Ed Niedermeyer  09:24

All of a sudden, now these computers were driving naturalistically. They were making crisp left-hand turns, they were moving with traffic, they weren’t holding it up. I could have closed my eyes and I would not have known that I was not in a human-driven vehicle. So the hype was highest when the technology was if you experienced it in person was just obviously not ready. And yet as the technology got more and more impressive, even to the point where I’ve been on a fully driverless ride on public roads in Arizona in a Waymo which is, again, like probably the most miraculous technological experience I’ve ever had. And yet at the time that that happened, people were more disillusioned and skeptical of autonomous vehicles, then at any other point since I’ve started paying attention to them. So we have two things going on here. One, is that the technology is developing and the progress there has really been remarkable. And on the other hand we humans have had this roller coaster relationship with it that exists entirely in our minds, based on just very poorly informed perceptions of it. And so we create the psychodrama that really has nothing to do with what’s actually going on. I think progress in the technology is genuinely impressive.

Stephen Lacey  10:33

How big of a deal is the shutdown and subsequent sell-off of the component parts of Argo AI? How big of a deal is that for this space, both in terms of investment flows and our perception of the technology? So what you’re saying here is that it wasn’t necessarily a technology failure, it was a business mismatch.  Is that correct?

Ed Niedermeyer  10:48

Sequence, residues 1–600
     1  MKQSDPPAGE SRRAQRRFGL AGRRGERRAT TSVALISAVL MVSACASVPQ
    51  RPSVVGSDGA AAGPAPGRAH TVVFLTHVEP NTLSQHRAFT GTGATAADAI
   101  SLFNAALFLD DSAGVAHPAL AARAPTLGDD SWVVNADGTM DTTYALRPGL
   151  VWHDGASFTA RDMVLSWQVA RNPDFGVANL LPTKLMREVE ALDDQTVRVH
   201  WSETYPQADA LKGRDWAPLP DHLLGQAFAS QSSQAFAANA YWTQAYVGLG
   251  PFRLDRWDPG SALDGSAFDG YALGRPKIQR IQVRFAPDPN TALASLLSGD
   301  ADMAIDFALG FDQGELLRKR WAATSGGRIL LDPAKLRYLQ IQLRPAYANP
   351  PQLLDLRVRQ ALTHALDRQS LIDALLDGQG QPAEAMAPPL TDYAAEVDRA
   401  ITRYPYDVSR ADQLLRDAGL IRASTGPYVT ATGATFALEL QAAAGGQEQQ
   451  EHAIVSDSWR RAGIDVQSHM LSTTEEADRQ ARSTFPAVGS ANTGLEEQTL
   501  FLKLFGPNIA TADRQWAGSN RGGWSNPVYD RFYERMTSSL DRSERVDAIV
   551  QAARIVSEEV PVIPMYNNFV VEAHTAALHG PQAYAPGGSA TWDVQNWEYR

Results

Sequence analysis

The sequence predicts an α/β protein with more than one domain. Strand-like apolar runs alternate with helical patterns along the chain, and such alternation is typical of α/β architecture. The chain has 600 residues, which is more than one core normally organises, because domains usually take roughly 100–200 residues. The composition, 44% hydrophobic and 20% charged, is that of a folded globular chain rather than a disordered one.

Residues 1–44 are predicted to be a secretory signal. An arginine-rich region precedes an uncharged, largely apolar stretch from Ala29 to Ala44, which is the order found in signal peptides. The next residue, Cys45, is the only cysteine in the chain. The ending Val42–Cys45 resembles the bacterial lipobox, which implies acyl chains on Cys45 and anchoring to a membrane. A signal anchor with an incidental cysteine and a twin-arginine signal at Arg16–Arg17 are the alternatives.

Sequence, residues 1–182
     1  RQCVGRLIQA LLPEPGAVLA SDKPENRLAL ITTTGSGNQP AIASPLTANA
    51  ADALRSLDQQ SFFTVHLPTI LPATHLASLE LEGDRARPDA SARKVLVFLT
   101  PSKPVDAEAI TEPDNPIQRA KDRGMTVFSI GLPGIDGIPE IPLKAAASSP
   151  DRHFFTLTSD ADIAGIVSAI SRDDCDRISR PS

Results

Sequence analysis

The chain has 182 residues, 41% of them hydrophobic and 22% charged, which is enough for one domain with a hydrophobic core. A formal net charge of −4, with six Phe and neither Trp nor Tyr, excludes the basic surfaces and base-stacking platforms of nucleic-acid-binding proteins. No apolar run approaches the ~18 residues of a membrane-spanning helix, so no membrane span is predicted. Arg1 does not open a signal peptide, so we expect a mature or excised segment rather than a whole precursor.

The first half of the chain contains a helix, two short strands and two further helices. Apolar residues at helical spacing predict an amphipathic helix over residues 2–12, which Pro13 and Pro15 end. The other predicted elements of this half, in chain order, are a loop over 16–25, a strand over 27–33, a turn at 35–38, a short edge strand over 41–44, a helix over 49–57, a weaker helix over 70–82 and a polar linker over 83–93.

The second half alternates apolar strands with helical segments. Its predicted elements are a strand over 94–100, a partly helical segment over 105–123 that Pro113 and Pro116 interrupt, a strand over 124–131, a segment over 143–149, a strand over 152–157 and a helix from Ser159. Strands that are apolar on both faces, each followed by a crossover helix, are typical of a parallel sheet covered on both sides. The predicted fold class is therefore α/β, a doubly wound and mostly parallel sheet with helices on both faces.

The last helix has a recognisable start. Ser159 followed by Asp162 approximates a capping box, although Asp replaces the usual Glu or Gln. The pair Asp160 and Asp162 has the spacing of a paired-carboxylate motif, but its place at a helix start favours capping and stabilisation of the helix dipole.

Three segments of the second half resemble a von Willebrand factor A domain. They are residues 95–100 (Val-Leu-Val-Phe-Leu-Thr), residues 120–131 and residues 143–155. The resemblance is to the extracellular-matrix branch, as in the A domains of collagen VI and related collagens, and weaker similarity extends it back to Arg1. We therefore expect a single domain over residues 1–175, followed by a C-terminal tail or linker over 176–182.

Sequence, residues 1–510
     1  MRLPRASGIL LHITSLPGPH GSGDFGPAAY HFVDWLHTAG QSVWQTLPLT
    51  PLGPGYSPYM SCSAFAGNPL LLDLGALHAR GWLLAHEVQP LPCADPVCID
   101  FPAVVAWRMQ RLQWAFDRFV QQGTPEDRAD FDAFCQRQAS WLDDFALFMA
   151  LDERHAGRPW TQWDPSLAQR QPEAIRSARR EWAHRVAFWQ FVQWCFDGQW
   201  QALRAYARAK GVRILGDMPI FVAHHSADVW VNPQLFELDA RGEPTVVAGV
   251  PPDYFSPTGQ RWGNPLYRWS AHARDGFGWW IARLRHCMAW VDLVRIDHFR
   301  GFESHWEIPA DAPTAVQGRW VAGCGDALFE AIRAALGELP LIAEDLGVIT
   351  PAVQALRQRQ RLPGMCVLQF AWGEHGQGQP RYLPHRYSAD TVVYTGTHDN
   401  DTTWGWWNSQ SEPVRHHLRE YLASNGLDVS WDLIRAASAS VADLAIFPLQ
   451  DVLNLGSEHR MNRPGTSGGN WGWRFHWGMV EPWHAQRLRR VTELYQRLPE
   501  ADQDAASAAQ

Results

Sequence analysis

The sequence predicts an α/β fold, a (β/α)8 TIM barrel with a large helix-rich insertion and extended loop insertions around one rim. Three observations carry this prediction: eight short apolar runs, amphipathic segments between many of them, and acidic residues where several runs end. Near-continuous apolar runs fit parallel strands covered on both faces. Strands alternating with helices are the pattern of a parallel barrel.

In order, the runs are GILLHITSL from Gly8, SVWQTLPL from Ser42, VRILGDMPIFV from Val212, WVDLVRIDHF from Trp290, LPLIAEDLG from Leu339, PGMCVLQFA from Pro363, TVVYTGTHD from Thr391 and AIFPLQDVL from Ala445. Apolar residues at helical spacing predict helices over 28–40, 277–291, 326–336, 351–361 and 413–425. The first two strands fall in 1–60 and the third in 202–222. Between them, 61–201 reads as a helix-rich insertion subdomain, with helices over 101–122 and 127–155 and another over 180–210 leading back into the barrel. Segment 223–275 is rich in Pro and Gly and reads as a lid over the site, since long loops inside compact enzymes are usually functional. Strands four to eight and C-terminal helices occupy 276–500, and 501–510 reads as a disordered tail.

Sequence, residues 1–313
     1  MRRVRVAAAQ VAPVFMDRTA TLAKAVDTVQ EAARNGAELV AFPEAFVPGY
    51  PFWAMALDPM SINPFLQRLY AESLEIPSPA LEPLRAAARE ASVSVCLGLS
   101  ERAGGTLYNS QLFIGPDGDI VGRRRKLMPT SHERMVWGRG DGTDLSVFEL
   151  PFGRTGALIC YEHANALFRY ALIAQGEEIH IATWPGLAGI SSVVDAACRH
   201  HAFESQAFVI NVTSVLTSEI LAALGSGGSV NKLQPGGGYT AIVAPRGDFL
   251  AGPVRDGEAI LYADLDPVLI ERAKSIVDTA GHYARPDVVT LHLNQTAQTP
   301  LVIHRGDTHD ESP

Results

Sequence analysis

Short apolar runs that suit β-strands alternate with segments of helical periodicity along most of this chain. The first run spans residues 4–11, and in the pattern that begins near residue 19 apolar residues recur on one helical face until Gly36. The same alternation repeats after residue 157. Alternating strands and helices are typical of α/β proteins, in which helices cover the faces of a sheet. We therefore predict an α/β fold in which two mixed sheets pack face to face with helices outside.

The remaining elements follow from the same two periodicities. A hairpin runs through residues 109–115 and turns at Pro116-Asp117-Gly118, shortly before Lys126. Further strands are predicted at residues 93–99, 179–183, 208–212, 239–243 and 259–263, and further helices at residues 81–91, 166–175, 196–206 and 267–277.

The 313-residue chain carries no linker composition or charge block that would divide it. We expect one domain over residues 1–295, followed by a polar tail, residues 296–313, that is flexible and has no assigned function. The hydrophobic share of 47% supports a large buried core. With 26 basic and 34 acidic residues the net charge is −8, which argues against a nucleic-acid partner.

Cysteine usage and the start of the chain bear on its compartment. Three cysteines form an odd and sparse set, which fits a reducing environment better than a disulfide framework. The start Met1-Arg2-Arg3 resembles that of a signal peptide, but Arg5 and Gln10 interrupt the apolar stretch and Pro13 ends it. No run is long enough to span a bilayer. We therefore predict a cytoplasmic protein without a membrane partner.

It’s a very big deal. But I think, again, it’s really important to take the right lessons from things. One of the most important lessons from it is that the venture capitalists got a lot of people very excited about this vision of what autonomous vehicles could be, which was different than cars. And yet they also sold these companies, passed their bags, so to speak, to the car companies. And I think that’s why people say, you know, “Well, it’s a failure of the technology,” because if the technology had to be so good that it would actually disrupt these car companies, which is certainly why they invested or one of the reasons they invested. The technology that exists today is not up to the task of automating general purpose driving like we do with cars. We can’t automate, the way we drive cars, because it is a multiplicity of tasks, it’s in a multiplicity of domains. It’s just, it’s just way too much. And so the technology certainly failed, if that was the expectation. And it makes perfect sense that again, that car companies are not going to continue to invest a billion dollars a year to eventually get to the point where we can have these robust ecosystems of robotic mobility, infrastructure, whether it’s improving public transportation, or shuttles or delivery or semi trucks and logistics. And there’s a lot of applications for them but it’s not aligned with the with the car company. So I think it’s important to understand that the car companies are the ones who were pulling the plug here, right? They got put in the driver’s seat of this technology, they’re pulling the plug, the technology failed to meet their expectations, which were unrealistic. And what the technology can do usefully is not well-aligned with the current car business. Yes, it was much more of a failure of humans than of technology, let’s put it that way. I think one of the one of the fundamental problems that that mistakes that humans made about the technology was thinking that it could be generalized. And I think this is something that when venture capitalists invest in companies, they usually aren’t assessing each business as a business or as a path to a business and saying, “Okay, we have a very clear path here. I see they’re definitely going to get to sustainable cash flow here. And that’s what matters to me is the certainty that this company is going to grow into a self-sustaining business quickly.” That can matter to venture capitalists, but especially the last 10 years ago, when the when the money was flowing, that didn’t matter so much as making these longshot bets on things that could be these giant winners, right? And that’s how we got things like Uber. Uber couldn’t pitch “Well, we’ll work hard, and eventually we’ll take over most of the taxi business.” No, they had to disrupt private car ownership as we know it. And venture capitalists need that, the giant pot of gold at the end of the rainbow to bet on. And in the case of autonomous vehicles, the pot of gold was that this technology can be generalized. And the reality of automation of all kinds is that you can’t automate general-purpose tasks. We do not have humanoid robots walking around, just taking care of random tasks for us. If you want to automate something, you have to pick a specific task. And you have to automate that task. So when we think self-driving car, we’re fundamentally talking about automating the ability to drive anywhere and everywhere. And that is the equivalent of a C3PO robot, a robot that’s a humanoid that can walk around, that can talk, that can socialize, that can take care of general tasks. Maybe it’s only a high school level, or a middle school level or whatever of intelligence. But it’s that same generalizability. Driving automation technology is like robots, not like cars in this way. So the fact that we don’t have C3PO walking around right now doesn’t mean that robots are scams, or that they don’t exist. There are millions of robots around the world generating millions of dollars of economic value right now, but they’re simple. They’re an arm with a tool on the end of it. They automate a simple task in a constrained domain, right? And that’s how automation works. Automation is a spectrum that starts with simple tasks and small constrained domains. And the task get more complicated as the technology improves, and the domain gets bigger, right? But cars are fundamentally not a one task tool. Cars are fundamentally a tool for every kind of mobility we need. And so if you want autonomous vehicles, you have to get away from cars; they’re not cars anymore. All of a sudden, autonomous vehicles are, I think, for me, the best way to think of them is as like robotic mobility infrastructure. A car is something that you own to take you anywhere you want to go. It’s like magic, which again, which is why we have such magical thinking about it, right. But automation is much more suited to like a bus, right, because the bus drives the same route over and over again, that’s a simple task, it only operates in one domain. That’s a constrained domain, and you can start to train artificial intelligence on the relatively limited number of things that that bus is going to see driving that route over and over a couple of routes over and over again and get a very high confidence that the AI has trained with enough data, that it’s going to respond appropriately to anything it’s reasonably going to see on that route. That is a very different task than training AI to deal with anything that anyone ever sees in a car anywhere they go in a car. These are, if you understand AI and how creating datasets, representative data sets, I mean, these are not even in the same galaxies. And so I think if you want to move forward, I think what we have to do to move forward in this technology is to understand that cars are one thing and that mobility robots, robotic mobility infrastructure, level-four autonomous vehicles, whatever you would have, we need to come up with a good way to talk about this stuff, right? Because we need to make this distinction. I think this is one of the lessons we have to take away from this bubble and the bursting of this bubble is that a fundamental confusion of different things was at the heart of this and we need to start developing language that helps us separate we know even what are we even talking about when we’re saying words like self-driving car?